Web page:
ISLAMABAD: Three witnesses who had testified against Khalid Jadoon, a prayer leader who had been accused of adding two pages of the Holy Quran in the burnt pages to strengthen the blasphemy case against Rimsha Masih, on Monday withdrew their testimonies, DawnNews reported.
The witnesses, Khurram Shahzad, Hafiz Mohammad Owais and Danish, in the court of district and sessions judge Islamabad Justice Raja Jawad Abbas, said that the police had coerced them into recording the statements in writing against Jadoon, the Imam of a local mosque of Mehra Jaffer.
The police had recorded the statements of Owais, Shahzad and Danish under section 161 of Criminal Procedure Code (CrPC) in which they had endorsed the statement of Hafiz Zubair, another witness in the case.
Subsequently today, the three witnesses again recorded their sworn statements.
Moreover, the court adjourned the hearing in Jadoon's bail plea until Oct 3. Jadoon was arrested on Sept 1 after Hafiz Mohammad Zubair, a prayer caller at the same mosque, testified against him before a magistrate.
On Sept 23, the investigation officer in the blasphemy case had exonerated Rimsha, the minor Christian girl, from the main allegation and declared Jadoon as the prime accused.
The challan which had been submitted by the investigation officer had stated that Jadoon had ripped two pages from the Holy Quran and mixed them in the half burnt pages of a prayer learning book.
The challan had also stated that there were at least three witnesses who had claimed that they had personally observed Jadoon mixing the pages of Quran in the evidence to make the case more strong against Rimsha but there was not a single direct evidence or eyewitness who had claimed to have seen the minor girl burning the pages of the prayer book.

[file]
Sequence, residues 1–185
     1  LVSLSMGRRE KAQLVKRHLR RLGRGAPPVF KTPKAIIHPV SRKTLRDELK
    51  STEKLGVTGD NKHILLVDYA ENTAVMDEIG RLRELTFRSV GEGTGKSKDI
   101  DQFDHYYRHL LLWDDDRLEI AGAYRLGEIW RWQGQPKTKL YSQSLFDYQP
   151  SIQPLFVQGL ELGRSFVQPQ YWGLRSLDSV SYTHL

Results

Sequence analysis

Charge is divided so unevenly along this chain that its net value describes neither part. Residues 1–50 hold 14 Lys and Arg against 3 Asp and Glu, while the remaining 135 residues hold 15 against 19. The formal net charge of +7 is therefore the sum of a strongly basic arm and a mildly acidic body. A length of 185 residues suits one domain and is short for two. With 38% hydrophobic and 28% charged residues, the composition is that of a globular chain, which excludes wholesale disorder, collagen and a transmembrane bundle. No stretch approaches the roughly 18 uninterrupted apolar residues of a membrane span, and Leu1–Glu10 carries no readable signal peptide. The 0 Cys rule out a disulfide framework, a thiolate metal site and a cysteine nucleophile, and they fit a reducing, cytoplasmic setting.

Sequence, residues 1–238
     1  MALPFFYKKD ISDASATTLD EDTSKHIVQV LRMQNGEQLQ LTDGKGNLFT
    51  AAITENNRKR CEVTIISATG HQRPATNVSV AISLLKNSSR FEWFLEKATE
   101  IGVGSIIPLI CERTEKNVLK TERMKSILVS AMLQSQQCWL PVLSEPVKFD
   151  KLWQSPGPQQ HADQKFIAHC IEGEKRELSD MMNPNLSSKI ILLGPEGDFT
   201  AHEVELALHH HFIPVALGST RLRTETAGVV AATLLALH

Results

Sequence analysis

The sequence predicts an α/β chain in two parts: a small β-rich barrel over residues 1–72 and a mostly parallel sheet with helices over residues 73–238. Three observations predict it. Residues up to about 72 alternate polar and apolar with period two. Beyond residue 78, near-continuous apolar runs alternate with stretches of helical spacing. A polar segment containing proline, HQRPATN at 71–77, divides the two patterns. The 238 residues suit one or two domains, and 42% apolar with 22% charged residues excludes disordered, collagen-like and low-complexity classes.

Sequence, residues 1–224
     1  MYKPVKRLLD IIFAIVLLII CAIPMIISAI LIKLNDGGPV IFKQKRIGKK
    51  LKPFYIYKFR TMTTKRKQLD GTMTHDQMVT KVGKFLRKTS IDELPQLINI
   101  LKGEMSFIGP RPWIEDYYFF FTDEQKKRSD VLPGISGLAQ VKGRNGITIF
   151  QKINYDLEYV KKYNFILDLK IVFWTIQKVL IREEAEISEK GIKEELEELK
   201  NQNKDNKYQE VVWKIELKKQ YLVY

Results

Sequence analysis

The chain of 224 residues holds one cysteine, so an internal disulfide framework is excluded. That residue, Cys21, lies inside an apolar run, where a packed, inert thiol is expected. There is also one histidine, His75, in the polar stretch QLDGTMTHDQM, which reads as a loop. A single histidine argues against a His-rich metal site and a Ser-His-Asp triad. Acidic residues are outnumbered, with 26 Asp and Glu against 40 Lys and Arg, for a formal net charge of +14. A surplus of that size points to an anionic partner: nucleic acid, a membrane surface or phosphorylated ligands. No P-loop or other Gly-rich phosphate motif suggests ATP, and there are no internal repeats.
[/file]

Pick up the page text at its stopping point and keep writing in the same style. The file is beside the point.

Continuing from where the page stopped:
Earlier testimonies of Khurram Shahzad and Hafiz Owais
On Sept 3, Shahzad and Owais recorded their separate statements under CrPC 161 (examination of witness by police), with investigating officer sub-inspector Munir Hussain Jaffery, stating that they saw Jadoon putting some pages of the Holy Quran in a plastic bag, after tearing them.
The sources in the police close to the investigation had told Dawn that the case’s complainant Malik Hammad, who was also a neighbour of the girl, brought a polythene shopper to the mosque carrying ashes and some burnt papers and handed it to them.
Shahzad was offering prayers, while Owais was in Itekaf (meditative seclusion) , but later Hammad took the shopper from them and handed it over to Jadoon who later tore some pages from the Holy Quran and put them in the shopper.
They objected to the act but Jadoon replied: “You are just kids and you do not know how to strengthen a case.”
Later they brought the matter in the knowledge of Hafiz Zubair who also raised an objection over the act, but it was ignored.
Hafiz Zubair’s testimony
Earlier on Sept 1, Zubair, who had claimed being an eye-witness in the case, had in his statement said that he was sitting in Aitekaf (meditation) during the month of Ramazan in the mosque — situated in front of Rimsha’s house.
Zubair had alleged that when Hammad brought the burnt pages of the Holy Quran before Jadoon, the cleric included two pages of the holy verses in the evidence to strengthen the case against the minor girl.
Zubair had said he had tried to stop Jadoon and insisted that the original evidence should be produced against Rimsha before the police.
The witnesses had stated that Jadoon ignored his advice and said that it would make the case stronger and that would lead to the eviction of the Christian girl’s family from the area.
Rimsha Masih case
The case of Rimsha Masih, who was arrested on Aug 18 under Pakistan’s blasphemy laws, has gained huge attention because of the girl’s age and questions about her mental capacity.
On Sept 7, the additional district and sessions court of Islamabad had granted bail to the girl. Later on Sept 8, Rimsha was airlifted from Adiyala jail to an unspecified location within Islamabad under the protective custody of police after completion of legal formalities by her lawyers.
The girl belonging to the Christian community is said to be suffering from Down’s Syndrome.
The girl’s arrest, under the blasphemy laws, had also triggered an exodus of several hundred Christians from her poor neighbourhood on the edge of Islamabad.
Blasphemy is an extremely sensitive subject in Pakistan, where 97 per cent of the 180 million population are Muslims, and allegations of desecrating the Holy Quran or insulting Islam often provoke public fury.